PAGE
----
Since March of 2005, certain security software manufacturers have used the detection Trojan.Mdropper to indicate the presence of a specific type of Trojan on an infected computer. These kinds of Trojans can infect versions of Windows going back to Windows 95!
Once this threat is executed, its own code is simply to load itself into memory and then extract the malware payload and write it to the file system. It may perform any installation procedures and execute the newly dropped malware. The dropper usually ceases to execute at this point as its primary function has been accomplished.
Trojan.Mdropper creates the following file(s):
|1||%UserProfile%\Application Data\Macromedia\Flash Player\macromedia.com\support\flashplayer\sys\settings.sol|
Variants include (but are not limited to) Trojan.Mdropper.Z (Symantec) TROJ_MDROPPER.WR (Trend Micro), Trojan.Mdropper.AA (Symantec), TROJ_MDROPPER.MB (Trend Micro), Trojan.Mdropper.AC (Symantec).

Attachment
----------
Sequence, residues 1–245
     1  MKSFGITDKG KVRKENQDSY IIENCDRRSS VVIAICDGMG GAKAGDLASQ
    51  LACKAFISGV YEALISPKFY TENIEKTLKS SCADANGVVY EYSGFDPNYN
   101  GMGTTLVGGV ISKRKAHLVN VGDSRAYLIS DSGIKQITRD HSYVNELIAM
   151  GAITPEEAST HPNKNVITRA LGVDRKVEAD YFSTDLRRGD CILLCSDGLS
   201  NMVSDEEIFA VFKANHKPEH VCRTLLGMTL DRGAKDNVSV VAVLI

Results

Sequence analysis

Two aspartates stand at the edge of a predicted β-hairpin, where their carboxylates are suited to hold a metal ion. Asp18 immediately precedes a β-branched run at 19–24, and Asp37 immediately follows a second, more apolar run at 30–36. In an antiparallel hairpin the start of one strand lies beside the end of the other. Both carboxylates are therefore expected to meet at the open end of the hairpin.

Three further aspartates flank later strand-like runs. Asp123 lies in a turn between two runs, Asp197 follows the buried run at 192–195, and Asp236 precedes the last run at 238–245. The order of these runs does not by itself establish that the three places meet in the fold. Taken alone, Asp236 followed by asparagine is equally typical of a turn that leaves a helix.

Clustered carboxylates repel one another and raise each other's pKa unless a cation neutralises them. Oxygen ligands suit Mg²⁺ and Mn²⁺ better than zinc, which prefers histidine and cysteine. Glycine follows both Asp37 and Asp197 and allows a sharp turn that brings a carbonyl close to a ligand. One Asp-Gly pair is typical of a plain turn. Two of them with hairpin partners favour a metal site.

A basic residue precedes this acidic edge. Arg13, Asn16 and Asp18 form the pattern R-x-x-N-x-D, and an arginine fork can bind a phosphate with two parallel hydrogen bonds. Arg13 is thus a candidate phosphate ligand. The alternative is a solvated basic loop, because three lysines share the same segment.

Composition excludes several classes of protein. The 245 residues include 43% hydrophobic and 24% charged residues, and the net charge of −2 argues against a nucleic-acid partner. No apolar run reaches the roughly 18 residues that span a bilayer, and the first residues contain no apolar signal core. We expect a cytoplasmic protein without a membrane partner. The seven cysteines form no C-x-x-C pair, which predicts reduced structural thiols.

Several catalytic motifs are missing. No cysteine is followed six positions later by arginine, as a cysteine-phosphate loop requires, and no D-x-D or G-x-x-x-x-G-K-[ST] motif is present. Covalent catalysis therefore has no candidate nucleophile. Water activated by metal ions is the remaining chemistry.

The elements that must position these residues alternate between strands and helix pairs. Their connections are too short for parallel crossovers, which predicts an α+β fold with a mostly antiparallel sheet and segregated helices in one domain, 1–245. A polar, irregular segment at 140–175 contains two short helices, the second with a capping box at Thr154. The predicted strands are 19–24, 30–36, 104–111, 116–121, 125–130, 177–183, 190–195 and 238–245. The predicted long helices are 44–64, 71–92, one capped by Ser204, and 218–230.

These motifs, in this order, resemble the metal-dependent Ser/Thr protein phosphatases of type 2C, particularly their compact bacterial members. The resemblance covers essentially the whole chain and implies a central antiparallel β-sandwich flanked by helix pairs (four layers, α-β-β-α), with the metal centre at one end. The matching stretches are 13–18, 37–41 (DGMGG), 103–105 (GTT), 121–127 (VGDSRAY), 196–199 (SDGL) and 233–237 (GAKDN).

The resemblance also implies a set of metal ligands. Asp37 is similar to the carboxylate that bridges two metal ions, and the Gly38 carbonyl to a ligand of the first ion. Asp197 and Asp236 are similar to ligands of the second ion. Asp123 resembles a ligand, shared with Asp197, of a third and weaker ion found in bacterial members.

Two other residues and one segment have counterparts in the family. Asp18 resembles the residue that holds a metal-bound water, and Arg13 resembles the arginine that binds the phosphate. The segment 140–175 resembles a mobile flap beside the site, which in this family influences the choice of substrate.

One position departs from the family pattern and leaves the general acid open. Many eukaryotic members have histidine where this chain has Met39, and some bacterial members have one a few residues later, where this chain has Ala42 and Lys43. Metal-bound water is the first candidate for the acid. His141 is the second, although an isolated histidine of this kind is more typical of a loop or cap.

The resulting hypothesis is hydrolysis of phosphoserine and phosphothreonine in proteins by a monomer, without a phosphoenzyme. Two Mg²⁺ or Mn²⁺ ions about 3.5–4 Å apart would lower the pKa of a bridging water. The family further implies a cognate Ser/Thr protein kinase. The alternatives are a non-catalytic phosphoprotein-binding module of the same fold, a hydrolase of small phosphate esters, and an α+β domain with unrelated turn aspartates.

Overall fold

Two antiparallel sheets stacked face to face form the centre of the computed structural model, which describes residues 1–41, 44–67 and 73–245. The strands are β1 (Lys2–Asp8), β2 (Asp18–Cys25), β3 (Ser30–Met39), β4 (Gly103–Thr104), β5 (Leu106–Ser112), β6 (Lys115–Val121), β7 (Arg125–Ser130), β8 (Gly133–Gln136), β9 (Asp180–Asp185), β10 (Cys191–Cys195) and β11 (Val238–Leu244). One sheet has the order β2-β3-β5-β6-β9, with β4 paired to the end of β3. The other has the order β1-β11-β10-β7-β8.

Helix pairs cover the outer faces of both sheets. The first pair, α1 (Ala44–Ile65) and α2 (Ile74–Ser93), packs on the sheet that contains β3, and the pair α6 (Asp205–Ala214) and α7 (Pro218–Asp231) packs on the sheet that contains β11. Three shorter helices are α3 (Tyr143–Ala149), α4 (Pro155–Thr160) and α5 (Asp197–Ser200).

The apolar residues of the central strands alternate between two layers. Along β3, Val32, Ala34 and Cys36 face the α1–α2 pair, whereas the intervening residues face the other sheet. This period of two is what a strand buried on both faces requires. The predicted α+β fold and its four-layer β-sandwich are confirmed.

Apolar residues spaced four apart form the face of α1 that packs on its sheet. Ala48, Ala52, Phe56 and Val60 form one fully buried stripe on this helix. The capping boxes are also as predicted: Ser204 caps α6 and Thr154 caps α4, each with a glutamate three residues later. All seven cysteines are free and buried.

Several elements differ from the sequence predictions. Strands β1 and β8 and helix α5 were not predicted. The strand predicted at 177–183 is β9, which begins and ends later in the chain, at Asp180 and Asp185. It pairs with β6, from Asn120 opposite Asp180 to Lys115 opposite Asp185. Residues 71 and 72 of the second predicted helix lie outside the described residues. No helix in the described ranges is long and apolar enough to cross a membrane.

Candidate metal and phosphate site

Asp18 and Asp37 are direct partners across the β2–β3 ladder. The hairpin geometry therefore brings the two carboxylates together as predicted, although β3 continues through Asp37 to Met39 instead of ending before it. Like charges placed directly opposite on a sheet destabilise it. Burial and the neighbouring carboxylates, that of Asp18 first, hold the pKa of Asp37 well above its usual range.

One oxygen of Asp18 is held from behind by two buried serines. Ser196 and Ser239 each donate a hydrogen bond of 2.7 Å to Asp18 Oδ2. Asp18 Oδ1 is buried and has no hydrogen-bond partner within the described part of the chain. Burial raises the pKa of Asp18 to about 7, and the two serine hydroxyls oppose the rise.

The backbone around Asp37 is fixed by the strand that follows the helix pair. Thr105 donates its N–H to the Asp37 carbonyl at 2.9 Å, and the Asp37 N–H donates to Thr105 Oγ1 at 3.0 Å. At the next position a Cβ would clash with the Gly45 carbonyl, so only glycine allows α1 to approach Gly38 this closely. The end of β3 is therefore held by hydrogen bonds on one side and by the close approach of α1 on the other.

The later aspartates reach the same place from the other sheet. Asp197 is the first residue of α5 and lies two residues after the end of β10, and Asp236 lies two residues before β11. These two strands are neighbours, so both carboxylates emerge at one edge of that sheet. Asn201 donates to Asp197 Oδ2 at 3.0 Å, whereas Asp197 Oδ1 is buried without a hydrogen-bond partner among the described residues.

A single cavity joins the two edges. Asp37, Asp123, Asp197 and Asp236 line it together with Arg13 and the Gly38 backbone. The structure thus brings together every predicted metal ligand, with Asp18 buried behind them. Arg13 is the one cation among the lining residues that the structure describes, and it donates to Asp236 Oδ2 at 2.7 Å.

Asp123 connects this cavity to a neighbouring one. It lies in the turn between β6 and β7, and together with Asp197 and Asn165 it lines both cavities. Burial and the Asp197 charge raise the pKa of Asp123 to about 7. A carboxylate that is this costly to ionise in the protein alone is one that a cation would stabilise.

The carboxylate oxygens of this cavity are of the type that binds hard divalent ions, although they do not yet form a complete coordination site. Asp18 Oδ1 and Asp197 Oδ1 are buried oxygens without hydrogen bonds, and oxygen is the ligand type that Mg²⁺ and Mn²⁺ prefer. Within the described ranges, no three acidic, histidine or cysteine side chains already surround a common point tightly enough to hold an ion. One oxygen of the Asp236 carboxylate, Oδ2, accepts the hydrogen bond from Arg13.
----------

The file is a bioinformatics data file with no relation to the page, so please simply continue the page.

The presence of the following files may also indicate an infection:
summary on china's 2006 defense white paper.doc
This type of threat is used by malware creators to disguise their malware. They create confusion amongst users by making them look like legitimate Microsoft Word or Excel files. They may also perform actions that mislead the user into thinking that nothing untoward is happening on the computer when in fact the Trojan may have already dropped and executed other malicious software.
For a fix, google the complete name of the Mdropper file. example: Trojan.Mdropper.AA
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